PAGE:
Length varies with nationality, because of style and average national physique. Americans generally wear their four-in-hands so that the tip of the apron just reaches the belt buckle, and American ties range from 53″ to 57″. On the average the British have thinner necks, but also prefer the tip of the apron to reach below the belt, so British ties are somewhat longer, in the range of 55″ to 58″. Like the Americans, the Italians prefer the tip at the buckle, but on average they purchase somewhat shorter ties, perhaps 53″ to 56″.
Width is the necktie dimension subject to fashion's whims. The “belly warmer” of the 1940s and early 1950s provided ample canvas for exuberant post-war painting. In the early 1960s the wide (5″–6″) tie returned in the form called “kippers.” In between, and even simultaneously, ties have been sold that were as narrow as 1½ inches. (The official state tie of Arizona, the bola, doesn't count; it is another form entirely.) Some say that if a tie's width calls attention to itself, the tie is badly chosen, but obviously width has often been chosen in the hope it would call attention to itself.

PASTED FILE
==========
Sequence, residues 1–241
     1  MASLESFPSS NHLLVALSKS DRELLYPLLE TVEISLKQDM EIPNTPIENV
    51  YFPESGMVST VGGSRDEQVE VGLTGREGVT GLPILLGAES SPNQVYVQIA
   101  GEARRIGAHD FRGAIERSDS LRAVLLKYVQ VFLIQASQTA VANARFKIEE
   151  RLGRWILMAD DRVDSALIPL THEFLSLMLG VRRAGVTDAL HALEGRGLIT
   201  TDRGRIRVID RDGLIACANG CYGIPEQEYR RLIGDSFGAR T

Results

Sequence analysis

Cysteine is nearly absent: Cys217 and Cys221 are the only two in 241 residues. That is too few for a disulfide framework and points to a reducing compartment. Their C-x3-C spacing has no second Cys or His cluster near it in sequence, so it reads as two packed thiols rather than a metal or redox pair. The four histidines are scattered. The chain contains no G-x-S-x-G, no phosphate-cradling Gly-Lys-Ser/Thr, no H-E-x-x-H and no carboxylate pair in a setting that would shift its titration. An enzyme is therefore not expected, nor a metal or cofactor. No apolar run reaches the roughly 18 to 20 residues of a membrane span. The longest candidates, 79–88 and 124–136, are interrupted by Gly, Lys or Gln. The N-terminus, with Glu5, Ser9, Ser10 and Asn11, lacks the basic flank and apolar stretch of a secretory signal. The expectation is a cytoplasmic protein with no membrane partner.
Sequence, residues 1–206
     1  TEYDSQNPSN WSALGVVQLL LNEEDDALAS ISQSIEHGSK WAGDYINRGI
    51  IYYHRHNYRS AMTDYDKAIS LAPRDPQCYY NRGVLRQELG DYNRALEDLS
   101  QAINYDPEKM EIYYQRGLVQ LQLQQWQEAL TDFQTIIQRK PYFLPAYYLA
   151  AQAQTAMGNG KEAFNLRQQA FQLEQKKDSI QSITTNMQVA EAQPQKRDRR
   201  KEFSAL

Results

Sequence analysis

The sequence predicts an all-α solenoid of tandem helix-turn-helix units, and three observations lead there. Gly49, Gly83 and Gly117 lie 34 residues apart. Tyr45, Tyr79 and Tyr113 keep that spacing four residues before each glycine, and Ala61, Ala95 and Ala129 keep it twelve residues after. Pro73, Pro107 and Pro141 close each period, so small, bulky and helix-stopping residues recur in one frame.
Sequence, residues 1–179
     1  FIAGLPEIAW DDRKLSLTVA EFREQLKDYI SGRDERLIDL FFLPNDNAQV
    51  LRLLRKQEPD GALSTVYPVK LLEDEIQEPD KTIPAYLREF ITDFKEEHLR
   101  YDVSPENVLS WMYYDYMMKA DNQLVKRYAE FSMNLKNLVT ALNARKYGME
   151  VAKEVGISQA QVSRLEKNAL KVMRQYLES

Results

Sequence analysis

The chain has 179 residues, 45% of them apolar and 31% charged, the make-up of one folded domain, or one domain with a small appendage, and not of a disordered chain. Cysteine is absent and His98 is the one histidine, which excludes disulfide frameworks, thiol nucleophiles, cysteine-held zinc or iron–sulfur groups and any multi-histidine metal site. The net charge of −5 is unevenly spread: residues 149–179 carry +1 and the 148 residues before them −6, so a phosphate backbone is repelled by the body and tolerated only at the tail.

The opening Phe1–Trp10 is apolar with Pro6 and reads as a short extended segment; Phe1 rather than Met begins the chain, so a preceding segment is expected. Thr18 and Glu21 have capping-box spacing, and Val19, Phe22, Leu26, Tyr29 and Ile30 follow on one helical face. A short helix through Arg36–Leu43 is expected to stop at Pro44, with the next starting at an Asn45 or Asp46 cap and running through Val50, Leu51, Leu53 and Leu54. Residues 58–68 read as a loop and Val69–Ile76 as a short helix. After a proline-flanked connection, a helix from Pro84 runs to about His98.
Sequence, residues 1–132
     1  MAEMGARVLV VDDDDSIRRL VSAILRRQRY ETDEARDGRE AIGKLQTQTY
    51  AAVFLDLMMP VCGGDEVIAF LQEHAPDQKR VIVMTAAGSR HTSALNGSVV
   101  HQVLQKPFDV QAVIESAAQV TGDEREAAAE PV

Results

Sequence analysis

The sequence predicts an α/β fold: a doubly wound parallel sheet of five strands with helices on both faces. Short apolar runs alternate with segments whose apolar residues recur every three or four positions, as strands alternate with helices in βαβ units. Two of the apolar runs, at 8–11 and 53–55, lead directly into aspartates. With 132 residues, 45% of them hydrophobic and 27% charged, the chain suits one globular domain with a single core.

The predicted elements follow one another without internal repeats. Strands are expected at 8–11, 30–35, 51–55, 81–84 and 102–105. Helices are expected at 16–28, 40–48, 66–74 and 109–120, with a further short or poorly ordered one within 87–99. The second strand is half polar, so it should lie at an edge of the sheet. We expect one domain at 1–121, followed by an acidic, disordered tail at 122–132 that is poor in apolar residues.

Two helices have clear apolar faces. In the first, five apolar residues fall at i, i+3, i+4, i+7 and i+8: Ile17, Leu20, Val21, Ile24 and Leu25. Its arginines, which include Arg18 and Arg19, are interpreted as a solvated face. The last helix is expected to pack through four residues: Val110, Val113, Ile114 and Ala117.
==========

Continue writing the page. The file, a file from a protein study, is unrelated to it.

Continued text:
Thomas Fink and Yong Mao.
The 85 Ways to Tie a Tie.
Broadway Books, 2000.
A history of knotting neckties by two Cambridge (UK) physicists, who deduced mathematically all possible ways of tying a tie. They recommend 13 of the 85 for your consideration.
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Last revised: 20 August 2004.